Printing With Dual Extruders - My Early Lessons Learned

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Printing With Dual Extruders - My Early Lessons Learned

Post by Bill Havins » Tue Feb 18, 2014 8:57 am

Hello to all,

I have been working to align/calibrate my dual extruder Rostock MAX for several days. I have been using Cura 14.01 as my slicer for the test parts, and have been printing with black ABS and natural HIPS (used as a "dissolvable" support material). The part I have been using for tests is a small but complex thing, that includes many problematic features (overhangs, gapped end, internal small diameter hole, etc.).

I believe I am close to having routines developed that will allow me to print "A+" parts (right now I'm at about an "A-" to "A" level).

If others are interested I will be glad to write up my experience and include both Rostock MAX settings, the Cura configuration settings and a couple of photos.

Bill
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Re: Printing With Dual Extruders - My Early Lessons Learned

Post by enggmaug » Tue Feb 18, 2014 9:05 am

Of course we are all very interrested !!

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Re: Printing With Dual Extruders - My Early Lessons Learned

Post by Bill Havins » Tue Feb 18, 2014 4:10 pm

Okay. I'll take a stab at writing this up in a manner that is useful to everyone. Please understand I don't pretend to have the answers. I am simply sharing my experience with dual hotend printing to date.

First, I modified my Rostock MAX for dual hotends using the simple adapter you will find here: http://www.thingiverse.com/thing:243270. This is a very simple adapter I designed that takes a lot of the guesswork out of aligning dual hotends (more on this later).

I have recently "upgraded" my stepper motor pulleys from the original 15 tooth design to the current 20 tooth design. On X, Y, and Z this leads to 80 steps per mm of movement compared to the original 106.666... steps per mm of the original pulleys. I think the original pulley "math" led to "rounding errors" that were transferred to the "looks" of printed items. I may be wrong but I believe it is easier to get good-looking prints with the 20 tooth pulleys. Or maybe its a "placebo effect." I dunno'.

I am still running Repetier Firmware 0.83seemeCNC. It has worked well for me so I have not upgraded.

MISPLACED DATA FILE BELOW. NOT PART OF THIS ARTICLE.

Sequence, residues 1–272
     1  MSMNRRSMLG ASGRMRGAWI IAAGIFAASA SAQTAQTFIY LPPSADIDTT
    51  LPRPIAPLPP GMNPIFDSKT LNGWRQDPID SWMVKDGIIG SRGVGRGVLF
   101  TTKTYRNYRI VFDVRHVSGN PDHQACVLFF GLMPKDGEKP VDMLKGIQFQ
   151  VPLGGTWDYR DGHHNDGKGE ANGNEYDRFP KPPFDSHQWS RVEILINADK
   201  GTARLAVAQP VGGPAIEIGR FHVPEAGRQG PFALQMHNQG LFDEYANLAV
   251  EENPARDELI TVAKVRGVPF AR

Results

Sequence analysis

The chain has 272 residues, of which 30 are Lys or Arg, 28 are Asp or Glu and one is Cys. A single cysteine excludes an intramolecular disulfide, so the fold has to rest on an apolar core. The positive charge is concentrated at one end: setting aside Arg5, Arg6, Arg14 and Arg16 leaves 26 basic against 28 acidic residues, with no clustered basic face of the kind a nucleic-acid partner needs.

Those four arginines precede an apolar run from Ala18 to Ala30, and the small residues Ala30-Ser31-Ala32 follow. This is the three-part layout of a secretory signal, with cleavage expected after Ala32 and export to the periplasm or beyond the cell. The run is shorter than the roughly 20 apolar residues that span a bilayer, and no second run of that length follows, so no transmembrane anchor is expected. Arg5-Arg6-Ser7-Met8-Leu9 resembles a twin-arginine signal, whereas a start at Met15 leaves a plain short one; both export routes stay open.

I am using Cura 14.01 as my preferred slicer as I learn to use dual hotends. I also use it when I am using a single hotend. If you want to follow along with the following discussion you might go ahead and download Cura from this link: https://www.ultimaker.com/pages/our-software.

To follow along with this example and use Cura to slice the model (see below) you will need to create a dual hotend machine in Cura. Here are the settings for my Rostock MAX:
Dual Head Machine Settings.jpg


After you create your dual hotend machine in Cura download the following .stl file and load it in Cura.
Adjustable Socket.stl
(322.45 KiB) Downloaded 97 times


Next you will want to download the "Tweak-At-Z" plug-in I use with this file. Download or copy the "3.1" version of the plug-in from this site: http://wiki.ultimaker.com/CuraPlugin:_TweaktAtZ. Copy the plug-in to the plugins folder in Cura (in Windows that's Program Files > Cura_14.01 > Cura > plugins).

The next thing to do is to adjust all of the default settings in Cura to match the ones I am using. Here's the easy way to do that - download the following "profile" and save it somewhere on your computer (it is a Windows file - I don't use my Macs for printing. Sorry!).
Dual_Head_Socket_.50_Nozzles.ini
(4.97 KiB) Downloaded 90 times


Under the "File" menu in Cura choose "Open profile..." and load the .ini file you just downloaded on your computer. Now you have all of the settings set just the way I sliced and printed the .stl file, above.

If you are watching carefully you will notice that Cura "re-slices" the file every time you change any of the settings in the "profile." So, it has already sliced the .stl file as you loaded it. Click on the "View Mode" icon in the upper right corner of the Cura window and move your mouse down to the "Layers" icon. Select it and Cura will display all of the layers in the gcode it has developed. Use the slider in the lower right corner of the Cura window to inspect the layers. You'll notice there is no support material plotted. (That's the whole purpose of this exercise!)